Carnegie Museum of Natural History
Exhibition Schedule, 2012–2014
Pittsburgh, Pennsylvania…Carnegie Museum of Natural History is pleased to announce its upcoming exhibition schedule. This information is as of August 27, 2012, and is subject to change without notice. Please visit the website, www.carnegiemnh.org, for the most current exhibition information.
In this new exhibition, get your hands on Carnegie Museum of Natural History’s educational collection of real specimens, including rocks and minerals as well as birds and mammals. Take a flashlight tour of historic dioramas, or try scientific illustration and share your work with other visitors. This exhibition is a project of the Center for Lifelong Science Learning at Carnegie Museum of Natural History.
M is for Museum
Through August 30, 2012
Kids and grown-ups, guided by the ABCs, discover the wonders of one of America’s best natural history museums! Designed for kids 5 to 13 years old—but enjoyable for visitors of all ages—M is for Museum features multimedia and hands-on activities that help curious young audiences discover how museums protect, explore, and explain the cultures of the world and nature in all its wonder. This exhibition is a project of the Center for Lifelong Science Learning at Carnegie Museum of Natural History.
September 15, 2012–July 28, 2013
The museum is crawling with new things to see! Ever wondered how bugs work? How do these tiny critters survive in the big world? How are they important to our lives? Get up close and personal with some six-legged friends, learn about their bizarre anatomy, and discover how our scientists study these fascinating creatures. BugWorks features beautiful photography of insects, amazing specimens, and live bugs! This exhibition is a special project of the Carnegie Mellon University School of Design in collaboration with the Center of Biodiversity and Ecosystems and the Center for Lifelong Science Learning at Carnegie Museum of Natural History.
Charlie and Kiwi’s Evolutionary Adventure
October 6, 2012–May 12, 2013
Join Charlie as he travels back to the Age of Dinosaurs to discover how evolution works. This exhibition utilizes engaging activities including a story theater and a discovery area to explain the science behind evolution, and is based on current research about how people learn about science. Charlie and Kiwi’s Evolutionary Adventure is presented by Commonwealth Connections Academy. This exhibition is a project of the Center for Evolutionary Studies at Carnegie Museum of Natural History.
Empowering Women: Artisan Cooperatives that Transform Communities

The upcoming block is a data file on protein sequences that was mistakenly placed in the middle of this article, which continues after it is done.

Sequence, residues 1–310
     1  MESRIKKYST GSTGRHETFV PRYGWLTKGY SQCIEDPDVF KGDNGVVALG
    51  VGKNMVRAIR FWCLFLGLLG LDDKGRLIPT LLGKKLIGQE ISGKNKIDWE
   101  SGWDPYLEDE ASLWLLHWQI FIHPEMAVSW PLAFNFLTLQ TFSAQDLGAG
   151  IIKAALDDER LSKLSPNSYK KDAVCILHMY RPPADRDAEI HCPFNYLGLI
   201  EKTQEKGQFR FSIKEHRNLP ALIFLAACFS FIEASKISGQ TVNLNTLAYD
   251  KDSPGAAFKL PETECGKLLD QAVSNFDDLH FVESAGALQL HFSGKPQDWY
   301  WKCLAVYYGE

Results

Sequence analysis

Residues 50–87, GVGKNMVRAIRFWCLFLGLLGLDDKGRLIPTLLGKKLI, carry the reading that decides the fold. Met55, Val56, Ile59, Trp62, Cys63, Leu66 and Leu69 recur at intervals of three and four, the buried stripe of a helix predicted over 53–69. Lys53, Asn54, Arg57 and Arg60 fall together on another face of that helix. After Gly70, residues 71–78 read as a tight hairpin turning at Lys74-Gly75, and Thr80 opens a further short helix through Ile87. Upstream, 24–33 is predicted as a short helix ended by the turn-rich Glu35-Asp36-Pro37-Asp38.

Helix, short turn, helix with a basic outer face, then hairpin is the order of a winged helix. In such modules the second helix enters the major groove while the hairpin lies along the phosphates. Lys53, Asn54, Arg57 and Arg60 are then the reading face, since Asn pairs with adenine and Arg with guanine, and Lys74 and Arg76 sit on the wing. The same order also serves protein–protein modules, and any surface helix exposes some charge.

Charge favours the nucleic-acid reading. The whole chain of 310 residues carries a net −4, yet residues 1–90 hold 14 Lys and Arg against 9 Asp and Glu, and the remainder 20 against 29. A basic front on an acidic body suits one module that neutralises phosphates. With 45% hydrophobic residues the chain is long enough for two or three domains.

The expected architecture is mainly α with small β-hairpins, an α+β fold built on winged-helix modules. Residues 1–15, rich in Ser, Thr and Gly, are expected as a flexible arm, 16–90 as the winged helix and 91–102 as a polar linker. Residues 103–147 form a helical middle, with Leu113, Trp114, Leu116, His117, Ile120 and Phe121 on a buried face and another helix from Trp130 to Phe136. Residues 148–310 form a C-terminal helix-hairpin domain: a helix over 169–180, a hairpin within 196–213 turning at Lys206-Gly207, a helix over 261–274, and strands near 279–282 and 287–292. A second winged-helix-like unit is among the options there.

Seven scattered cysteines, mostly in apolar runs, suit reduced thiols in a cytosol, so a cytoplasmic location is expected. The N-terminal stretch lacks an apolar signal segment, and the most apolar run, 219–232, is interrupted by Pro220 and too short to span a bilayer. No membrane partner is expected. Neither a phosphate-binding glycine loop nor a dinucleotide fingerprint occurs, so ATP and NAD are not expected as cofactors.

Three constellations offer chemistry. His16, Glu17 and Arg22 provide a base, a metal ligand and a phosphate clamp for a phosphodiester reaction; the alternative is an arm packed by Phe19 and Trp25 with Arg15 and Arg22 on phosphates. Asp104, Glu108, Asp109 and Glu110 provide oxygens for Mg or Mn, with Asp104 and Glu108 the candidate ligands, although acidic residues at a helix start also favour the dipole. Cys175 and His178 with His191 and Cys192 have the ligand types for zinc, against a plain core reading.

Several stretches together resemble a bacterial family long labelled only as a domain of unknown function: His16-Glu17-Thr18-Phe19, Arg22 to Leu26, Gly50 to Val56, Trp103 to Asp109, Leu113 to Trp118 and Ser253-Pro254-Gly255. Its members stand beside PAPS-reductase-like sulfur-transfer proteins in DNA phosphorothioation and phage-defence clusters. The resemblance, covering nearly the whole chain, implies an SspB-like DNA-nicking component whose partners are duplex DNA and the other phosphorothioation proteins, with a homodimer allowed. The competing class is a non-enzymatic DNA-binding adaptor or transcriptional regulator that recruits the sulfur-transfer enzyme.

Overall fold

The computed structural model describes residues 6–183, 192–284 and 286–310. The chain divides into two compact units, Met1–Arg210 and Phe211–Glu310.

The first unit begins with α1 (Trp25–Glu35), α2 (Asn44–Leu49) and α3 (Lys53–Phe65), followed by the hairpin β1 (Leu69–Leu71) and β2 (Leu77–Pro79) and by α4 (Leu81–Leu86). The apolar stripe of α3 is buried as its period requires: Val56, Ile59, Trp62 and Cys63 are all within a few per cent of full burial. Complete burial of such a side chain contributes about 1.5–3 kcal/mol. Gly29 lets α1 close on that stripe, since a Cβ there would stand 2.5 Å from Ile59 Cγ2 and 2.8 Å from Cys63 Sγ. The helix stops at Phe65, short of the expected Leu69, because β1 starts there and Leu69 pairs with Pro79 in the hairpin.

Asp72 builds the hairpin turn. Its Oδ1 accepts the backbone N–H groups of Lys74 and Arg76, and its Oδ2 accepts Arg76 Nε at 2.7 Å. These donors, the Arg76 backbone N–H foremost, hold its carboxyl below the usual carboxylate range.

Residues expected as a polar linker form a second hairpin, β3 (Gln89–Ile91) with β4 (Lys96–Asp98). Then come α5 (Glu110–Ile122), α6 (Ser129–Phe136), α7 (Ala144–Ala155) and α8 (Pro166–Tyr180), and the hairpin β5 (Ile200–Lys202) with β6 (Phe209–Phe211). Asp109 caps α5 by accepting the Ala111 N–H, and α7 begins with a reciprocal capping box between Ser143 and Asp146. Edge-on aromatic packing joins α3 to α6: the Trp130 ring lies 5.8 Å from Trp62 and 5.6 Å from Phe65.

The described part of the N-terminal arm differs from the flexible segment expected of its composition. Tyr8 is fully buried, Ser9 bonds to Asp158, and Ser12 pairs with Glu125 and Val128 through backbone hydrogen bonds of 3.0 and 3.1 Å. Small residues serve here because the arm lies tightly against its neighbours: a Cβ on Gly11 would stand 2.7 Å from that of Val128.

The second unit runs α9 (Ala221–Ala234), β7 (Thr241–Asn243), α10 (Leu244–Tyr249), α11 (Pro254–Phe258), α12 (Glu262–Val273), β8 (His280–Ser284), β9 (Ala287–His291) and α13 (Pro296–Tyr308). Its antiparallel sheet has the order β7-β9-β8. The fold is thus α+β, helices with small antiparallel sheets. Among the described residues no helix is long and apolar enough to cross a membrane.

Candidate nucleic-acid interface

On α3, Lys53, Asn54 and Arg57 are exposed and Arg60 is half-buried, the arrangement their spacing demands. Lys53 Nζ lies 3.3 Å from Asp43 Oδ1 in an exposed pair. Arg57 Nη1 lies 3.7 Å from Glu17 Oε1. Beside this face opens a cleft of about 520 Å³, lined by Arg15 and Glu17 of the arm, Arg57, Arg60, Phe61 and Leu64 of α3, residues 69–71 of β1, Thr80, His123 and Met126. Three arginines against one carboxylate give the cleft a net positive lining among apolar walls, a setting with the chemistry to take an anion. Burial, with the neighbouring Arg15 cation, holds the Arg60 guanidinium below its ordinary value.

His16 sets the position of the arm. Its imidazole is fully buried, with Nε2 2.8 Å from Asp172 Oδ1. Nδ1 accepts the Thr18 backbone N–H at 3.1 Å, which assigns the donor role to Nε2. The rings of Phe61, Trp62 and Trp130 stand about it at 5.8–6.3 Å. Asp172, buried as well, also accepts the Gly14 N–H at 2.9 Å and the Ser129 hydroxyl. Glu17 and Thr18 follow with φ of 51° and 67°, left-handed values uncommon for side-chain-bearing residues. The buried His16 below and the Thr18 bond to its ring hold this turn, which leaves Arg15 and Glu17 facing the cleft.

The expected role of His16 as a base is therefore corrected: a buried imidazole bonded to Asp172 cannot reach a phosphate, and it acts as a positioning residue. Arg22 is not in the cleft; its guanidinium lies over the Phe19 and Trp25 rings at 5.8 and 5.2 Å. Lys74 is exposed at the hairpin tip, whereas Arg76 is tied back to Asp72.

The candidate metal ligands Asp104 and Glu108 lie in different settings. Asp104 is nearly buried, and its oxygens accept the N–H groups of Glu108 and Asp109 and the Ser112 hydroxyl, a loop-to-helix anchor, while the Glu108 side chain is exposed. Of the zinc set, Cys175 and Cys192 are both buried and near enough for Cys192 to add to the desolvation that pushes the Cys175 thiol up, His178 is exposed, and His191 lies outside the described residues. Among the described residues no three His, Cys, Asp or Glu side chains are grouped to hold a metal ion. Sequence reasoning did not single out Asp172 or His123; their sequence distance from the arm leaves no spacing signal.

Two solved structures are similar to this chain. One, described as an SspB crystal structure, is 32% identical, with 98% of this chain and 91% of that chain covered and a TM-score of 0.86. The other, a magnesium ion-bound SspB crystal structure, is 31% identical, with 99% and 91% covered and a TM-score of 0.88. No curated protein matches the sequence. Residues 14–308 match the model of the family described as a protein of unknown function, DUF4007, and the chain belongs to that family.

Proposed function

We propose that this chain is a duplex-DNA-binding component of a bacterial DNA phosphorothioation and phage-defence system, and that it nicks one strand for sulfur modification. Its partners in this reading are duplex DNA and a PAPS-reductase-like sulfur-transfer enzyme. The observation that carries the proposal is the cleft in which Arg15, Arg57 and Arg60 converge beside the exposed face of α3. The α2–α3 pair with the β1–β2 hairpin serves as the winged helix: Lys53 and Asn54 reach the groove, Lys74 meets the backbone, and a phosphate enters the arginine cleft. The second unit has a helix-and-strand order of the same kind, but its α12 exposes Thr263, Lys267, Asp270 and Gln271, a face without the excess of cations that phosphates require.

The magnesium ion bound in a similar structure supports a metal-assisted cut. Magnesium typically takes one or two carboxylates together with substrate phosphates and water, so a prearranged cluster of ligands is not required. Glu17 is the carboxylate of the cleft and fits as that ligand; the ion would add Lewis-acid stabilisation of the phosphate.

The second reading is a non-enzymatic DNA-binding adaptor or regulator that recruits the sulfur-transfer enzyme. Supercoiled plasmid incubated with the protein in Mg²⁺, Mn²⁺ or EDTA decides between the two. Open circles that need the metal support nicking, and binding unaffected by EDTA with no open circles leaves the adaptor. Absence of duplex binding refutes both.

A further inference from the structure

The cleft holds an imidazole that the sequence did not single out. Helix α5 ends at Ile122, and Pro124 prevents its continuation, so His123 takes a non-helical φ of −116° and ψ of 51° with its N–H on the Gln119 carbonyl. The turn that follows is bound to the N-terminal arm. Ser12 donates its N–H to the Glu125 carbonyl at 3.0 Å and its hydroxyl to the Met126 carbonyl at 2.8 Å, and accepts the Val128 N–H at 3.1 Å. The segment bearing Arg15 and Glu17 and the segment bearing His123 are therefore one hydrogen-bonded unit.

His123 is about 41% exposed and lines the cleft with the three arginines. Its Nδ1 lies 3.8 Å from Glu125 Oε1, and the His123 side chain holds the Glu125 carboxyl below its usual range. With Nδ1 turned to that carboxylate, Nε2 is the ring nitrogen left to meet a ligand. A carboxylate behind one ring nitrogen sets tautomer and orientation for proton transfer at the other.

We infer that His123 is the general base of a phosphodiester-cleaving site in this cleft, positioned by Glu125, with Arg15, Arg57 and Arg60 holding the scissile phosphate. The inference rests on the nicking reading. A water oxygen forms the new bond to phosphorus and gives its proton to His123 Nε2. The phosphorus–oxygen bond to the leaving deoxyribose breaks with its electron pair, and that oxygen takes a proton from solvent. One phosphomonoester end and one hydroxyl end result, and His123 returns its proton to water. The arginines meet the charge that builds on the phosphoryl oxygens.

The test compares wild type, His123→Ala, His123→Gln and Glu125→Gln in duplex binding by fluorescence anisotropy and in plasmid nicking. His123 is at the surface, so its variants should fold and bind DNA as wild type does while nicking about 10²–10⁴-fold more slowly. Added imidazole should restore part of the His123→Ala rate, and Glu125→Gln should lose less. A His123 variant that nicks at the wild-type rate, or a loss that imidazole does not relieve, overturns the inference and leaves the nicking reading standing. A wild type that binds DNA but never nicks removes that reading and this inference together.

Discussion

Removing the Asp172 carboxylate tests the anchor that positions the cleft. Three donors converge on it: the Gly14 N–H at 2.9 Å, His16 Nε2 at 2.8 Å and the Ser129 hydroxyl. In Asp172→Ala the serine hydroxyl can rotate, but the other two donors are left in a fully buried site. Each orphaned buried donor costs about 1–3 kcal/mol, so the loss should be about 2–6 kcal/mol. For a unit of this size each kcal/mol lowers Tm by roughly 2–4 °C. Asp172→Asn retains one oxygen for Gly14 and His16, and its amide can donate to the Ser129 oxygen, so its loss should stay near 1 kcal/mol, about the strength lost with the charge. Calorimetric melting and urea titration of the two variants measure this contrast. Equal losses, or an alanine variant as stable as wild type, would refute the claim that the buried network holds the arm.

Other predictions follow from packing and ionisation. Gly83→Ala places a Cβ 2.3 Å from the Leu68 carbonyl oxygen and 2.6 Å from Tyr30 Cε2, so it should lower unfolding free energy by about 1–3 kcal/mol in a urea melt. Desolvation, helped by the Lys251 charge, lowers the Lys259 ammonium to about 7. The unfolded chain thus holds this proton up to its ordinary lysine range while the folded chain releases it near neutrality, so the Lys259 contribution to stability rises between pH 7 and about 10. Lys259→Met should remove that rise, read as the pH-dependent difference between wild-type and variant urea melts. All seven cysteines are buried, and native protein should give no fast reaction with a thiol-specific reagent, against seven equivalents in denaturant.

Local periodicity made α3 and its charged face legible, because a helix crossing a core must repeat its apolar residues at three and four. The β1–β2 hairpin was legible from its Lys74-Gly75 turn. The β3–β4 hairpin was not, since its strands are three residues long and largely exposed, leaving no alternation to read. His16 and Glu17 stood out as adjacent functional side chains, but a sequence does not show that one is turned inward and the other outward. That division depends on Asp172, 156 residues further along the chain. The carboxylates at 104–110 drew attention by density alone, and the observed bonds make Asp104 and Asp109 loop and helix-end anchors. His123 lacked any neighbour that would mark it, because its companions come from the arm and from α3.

October 6, 2012–May 12, 2013
From Africa to Asia to the Americas, female artisans are creating grassroots cooperatives to reach new markets, raise income, and transform lives. Empowering Women explores the work of ten such enterprises in ten countries. Each has a different motivation: preserving a dying heritage, sustaining the environment, providing a safe haven from violence. Cooperatives help women survive.
Take a moment to explore the inspiring stories behind these folk art objects. Each one represents the transformative power of women working together to provide for their families, educate their children, promote equality, and give back to their communities. Empowering Women was developed by the Museum of International Folk Art and is sponsored locally by Huntington Bank. This exhibition is a project of the Center for World Cultures at Carnegie Museum of Natural History.
In the Garden of Light: Works by Paula Crevoshay
Featuring more than 50 fine art jewelry pieces by award-winning designer Paula Crevoshay, In the Garden of Light showcases designs inspired by nature and created from precious raw materials, including gold, opal, and sapphire. From a wild rose pendant to a small spider pin, these one-of-a-kind pieces celebrate the beauty and wonder of the animal, plant, and mineral kingdoms.
Tlingit Totem Pole carving and installation by Tommy Joseph
Witness history as artist Tommy Joseph carves a traditional 16-foot Tlingit totem pole commissioned by Carnegie Museum of Natural History. Joseph will work in the R. P. Simmons Family Gallery so that visitors may watch him create this piece and view Tlingit artifacts and videos about the totem pole creation process. Later in summer, the completed totem pole will be permanently installed as a marker to the entrance of Alcoa Hall of American Indians. This exhibition is a project of the Center for World Cultures at Carnegie Museum of Natural History.
RACE: Are We So Different?
RACE: Are we so different? is a groundbreaking exploration of the experience of living with race in America. The exhibition weaves together personal stories of living with race along with expert discussions of the history of race as a concept, the role that science has played in that history, and emerging research that challenges the foundations of what we perceive as race. Interactive multimedia components, historic artifacts, iconic objects, and compelling photographs offer visitors an eye-opening look at a topic that is fundamental to our shared human experience.
Carnegie Museum of Natural History, one of the four Carnegie Museums of Pittsburgh, is among the top natural history museums in the country and is redefining what it means to be a 21st-century natural history museum. It maintains, preserves, and interprets an extraordinary collection of 22 million objects and scientific specimens used to broaden understanding of evolution, conservation, and biodiversity. Through five new Centers, Carnegie Museum of Natural History generates new scientific knowledge, advances science literacy, and inspires visitors of all ages to become passionate about science, nature, and world cultures. More information is available by calling 412.622.3131 or by visiting the website, www.carnegiemnh.org.
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